Mr. Angelos also would gain at least partial equity in a new regional sports television network that would carry Expos games in the Washington area and Orioles games throughout the mid-Atlantic region.
“There is equity on all sides,” Mr. Selig said. “Peter has been treated fairly.”
The length of the agreement still is at issue. Mr. Angelos wants the deal to be permanent; MLB wants it to last only as long as Mr. Angelos owns the club.
“We have made substantial progress but have not yet reached an agreement,” Mr. Angelos said. “Our aim has been to protect and preserve the Orioles franchise and the economic benefits it has generated for Baltimore for the past 50 years. Equally important have been our efforts to protect Maryland’s investment in Camden Yards.”
Other legal hurdles remain in the Expos move.
A group of limited partners of the Expos are suing Mr. Selig and the team’s former managing partner, Jeffrey Loria. They accused Mr. Selig and Mr. Loria of conspiring to kill the Expos’ economic prospects in Montreal and dilute their equity in the team. Should the partners prevail in a arbitration decision expected next month, they plan to seek an injunction that blocks the team’s move from Montreal.
“It’s a little early to conclude the ballgame is over,” said Jeffrey Kessler, attorney for the limited partners.
Yesterday’s announcement also marks a bitter moment for Northern Virginia’s bid for the Expos. Behind the leadership of Mr. Collins and then the Virginia Baseball Stadium Authority, the commonwealth began its pursuit of the Expos years before the District. The group raised the profile of the Washington area with MLB as the District spent much of the mid-1990s in financial disarray.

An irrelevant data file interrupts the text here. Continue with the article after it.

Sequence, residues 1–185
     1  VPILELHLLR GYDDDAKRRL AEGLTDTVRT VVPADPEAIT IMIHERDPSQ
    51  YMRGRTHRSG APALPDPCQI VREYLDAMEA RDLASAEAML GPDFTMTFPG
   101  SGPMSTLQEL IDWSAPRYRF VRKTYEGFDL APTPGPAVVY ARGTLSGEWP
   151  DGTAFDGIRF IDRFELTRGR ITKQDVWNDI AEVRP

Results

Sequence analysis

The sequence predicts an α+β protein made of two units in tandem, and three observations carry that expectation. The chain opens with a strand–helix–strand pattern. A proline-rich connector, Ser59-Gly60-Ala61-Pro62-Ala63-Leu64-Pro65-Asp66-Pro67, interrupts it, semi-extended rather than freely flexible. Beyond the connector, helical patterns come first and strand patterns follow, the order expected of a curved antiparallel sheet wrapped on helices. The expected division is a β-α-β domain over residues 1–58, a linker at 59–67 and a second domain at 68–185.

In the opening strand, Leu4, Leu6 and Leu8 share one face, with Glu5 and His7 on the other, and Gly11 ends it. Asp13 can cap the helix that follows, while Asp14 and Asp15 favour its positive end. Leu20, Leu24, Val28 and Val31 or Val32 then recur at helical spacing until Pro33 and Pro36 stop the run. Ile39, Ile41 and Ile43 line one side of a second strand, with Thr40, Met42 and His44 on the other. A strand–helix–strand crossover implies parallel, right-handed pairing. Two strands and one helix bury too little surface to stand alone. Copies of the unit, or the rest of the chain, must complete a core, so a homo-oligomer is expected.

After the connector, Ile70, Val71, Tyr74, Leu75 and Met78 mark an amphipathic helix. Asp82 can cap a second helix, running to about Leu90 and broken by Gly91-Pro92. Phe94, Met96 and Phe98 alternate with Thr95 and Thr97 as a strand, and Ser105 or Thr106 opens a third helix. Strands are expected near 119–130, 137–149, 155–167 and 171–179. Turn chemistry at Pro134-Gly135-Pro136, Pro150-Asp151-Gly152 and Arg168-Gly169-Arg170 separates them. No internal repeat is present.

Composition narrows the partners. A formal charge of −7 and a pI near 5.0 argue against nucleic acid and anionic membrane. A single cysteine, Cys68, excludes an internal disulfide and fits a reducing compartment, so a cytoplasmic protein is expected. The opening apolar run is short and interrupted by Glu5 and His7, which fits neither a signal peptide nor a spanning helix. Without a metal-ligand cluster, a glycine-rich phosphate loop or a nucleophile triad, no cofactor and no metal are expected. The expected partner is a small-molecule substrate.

But Northern Virginia boosters made critical errors that ruined the group’s bid. Plans for a stadium in Pentagon City fell apart in the face of stiff landowner and local government opposition. A revival effort, predicated on a stadium located in Loudoun County, emerged earlier this year. The new and much more remote location, however, displeased many on MLB’s relocation committee. And the commonwealth’s financing plan held too much responsibility for the incoming team owner and too little political support in Richmond for baseball’s liking.
“Our partnership still strongly believes the guaranty for the long-term success of this franchise would be achieved at a location in Northern Virginia,” Mr. Collins said yesterday.
He added that the refusal of Gov. Mark Warner to back stadium financing with the moral obligation of the commonwealth cost Virginia “the most significant economic opportunity in a decade.”
MLB officials now will begin work to sell the franchise by the end of the year and are expected to make an announcement detailing the process soon. The franchise will fetch at least $300 million and a large group of interested bidders from across the country.
The sale will be only one of many tasks to complete before April.
In the next seven months, a $13 million renovation project will begin at RFK Stadium, a new ownership group determined, a new team nickname and logo selected, and a roster and team staff assembled.
Current Expos President Tony Tavares will play a prominent role in the management of the franchise while the new owners are sought. Mr. Tavares plans to travel to Washington next week to begin work with city officials.
“This is like starting up a new franchise,” Mr. Tavares said. “We have a long list of things to. Twelve pages, single-spaced.”
Thom Loverro contributed to this report.